ADHD adults often carry a lot of hurt and shame with them. Learn what these shame triggers are and you can significantly improve your interactions. A recent conversation with five adults with ADHD and their partners highlights some of the issues.
The idea behind the conversation was to identify triggers that frequently led to feelings of shame for ADHD partners. Here are a few:
Your partnership includes too many lies – big and small. In three previous posts I’ve written about why this is happening, and how this hurts your relationship. ADHD – and responses to ADHD – can certainly play a role. So what to do? Here are 9 strategies for ending in your relationship:
When I talk about lying problems in relationships, I'm not just talking about partners with ADHD. Either partner can lie...and lies also exist in relationships in which there is no ADHD. But there are some ways that the presence of ADHD increases the chances that one or the other partner will lie. To be able to chart the best course to move away from lying in your own relationship, you must first understand why the lying is happening. Choosing to lie is a decision that is made – not typically a beneficial one for a relationship, but often a logical one at some level. Understanding the logic really helps. There are at least 7 common reasons partners choose to lie, which include:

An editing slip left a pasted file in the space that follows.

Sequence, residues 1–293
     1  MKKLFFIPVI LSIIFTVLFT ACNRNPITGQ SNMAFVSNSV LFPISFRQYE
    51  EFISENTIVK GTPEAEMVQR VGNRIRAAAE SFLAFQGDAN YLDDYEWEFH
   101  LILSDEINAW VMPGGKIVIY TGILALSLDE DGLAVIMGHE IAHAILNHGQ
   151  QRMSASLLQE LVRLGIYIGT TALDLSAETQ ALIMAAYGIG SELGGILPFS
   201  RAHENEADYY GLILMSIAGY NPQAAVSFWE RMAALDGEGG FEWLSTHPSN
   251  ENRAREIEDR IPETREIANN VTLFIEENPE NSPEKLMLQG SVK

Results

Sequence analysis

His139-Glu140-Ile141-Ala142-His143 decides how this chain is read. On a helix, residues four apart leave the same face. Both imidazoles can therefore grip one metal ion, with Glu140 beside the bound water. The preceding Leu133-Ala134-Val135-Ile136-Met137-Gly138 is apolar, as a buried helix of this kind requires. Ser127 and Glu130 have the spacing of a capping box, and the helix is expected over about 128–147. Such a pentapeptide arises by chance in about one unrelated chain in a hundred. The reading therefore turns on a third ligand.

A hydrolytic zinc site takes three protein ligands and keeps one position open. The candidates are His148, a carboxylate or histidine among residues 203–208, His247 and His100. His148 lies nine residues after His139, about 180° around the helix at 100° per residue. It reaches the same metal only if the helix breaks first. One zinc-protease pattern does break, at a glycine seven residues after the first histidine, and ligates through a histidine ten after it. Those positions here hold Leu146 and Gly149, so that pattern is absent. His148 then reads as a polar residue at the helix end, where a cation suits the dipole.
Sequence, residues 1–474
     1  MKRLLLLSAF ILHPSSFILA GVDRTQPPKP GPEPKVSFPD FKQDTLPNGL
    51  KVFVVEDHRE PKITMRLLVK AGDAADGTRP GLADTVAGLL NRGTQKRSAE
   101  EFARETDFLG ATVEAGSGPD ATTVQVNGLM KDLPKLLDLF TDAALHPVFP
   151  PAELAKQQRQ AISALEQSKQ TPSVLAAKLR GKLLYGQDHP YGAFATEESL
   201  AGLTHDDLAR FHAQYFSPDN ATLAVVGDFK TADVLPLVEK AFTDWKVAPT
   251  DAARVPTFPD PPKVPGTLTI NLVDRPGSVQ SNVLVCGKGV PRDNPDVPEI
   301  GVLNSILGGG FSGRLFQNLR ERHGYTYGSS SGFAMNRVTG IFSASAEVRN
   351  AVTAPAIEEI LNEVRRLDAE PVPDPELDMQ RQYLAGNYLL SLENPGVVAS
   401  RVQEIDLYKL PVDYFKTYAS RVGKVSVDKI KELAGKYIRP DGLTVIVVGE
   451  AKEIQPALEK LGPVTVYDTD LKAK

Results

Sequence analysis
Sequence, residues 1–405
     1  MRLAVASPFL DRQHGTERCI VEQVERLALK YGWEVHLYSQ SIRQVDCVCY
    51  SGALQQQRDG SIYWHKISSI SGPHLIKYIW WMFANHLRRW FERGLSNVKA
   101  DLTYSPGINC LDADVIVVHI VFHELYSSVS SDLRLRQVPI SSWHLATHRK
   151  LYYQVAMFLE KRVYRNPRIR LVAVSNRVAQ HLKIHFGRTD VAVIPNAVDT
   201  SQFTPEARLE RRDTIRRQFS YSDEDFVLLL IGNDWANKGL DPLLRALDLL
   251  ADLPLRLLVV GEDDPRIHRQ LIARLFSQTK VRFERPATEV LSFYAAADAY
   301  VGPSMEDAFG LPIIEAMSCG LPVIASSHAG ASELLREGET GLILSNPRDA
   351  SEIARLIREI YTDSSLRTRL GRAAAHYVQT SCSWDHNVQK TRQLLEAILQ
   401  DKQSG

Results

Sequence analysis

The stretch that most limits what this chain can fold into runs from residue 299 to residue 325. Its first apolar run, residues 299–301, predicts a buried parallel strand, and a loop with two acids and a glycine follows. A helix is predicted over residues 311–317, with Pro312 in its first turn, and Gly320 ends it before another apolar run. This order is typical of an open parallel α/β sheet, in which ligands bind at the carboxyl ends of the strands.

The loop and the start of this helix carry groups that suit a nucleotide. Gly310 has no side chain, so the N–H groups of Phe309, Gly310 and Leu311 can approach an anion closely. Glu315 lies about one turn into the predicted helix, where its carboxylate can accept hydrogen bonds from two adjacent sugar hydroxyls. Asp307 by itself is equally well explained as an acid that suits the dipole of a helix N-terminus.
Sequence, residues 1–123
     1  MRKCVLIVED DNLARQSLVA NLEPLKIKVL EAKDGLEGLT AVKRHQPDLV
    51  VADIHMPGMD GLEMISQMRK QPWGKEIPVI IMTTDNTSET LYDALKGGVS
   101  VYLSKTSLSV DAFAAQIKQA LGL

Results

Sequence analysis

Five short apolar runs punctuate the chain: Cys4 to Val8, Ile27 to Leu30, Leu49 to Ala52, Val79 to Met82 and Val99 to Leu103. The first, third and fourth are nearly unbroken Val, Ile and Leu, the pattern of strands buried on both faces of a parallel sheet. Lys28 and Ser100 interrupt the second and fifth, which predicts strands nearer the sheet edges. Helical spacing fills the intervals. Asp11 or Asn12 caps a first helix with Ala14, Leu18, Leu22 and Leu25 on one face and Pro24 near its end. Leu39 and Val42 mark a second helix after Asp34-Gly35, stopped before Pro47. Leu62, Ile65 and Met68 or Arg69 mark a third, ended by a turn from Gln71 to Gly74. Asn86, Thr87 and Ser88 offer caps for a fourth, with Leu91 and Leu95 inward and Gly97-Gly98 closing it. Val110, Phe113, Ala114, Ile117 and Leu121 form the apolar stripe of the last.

Is lying a part of your relationship? Are you eager to move past the lies to a more trusting partnership? This is the first of several posts that will deal with lies and rebuilding trust in relationships impacted by ADHD.
It’s the catch-22 of ADHD-impacted relationships (and many non-ADHD marriages, as well!) For many couples impacted by ADHD, distraction, disengagement and retreat from conflict leave non-ADHD partners feeling ‘stranded’ and lonely. Their natural response is to pursue their partner for attention…and disaster results. What do you do?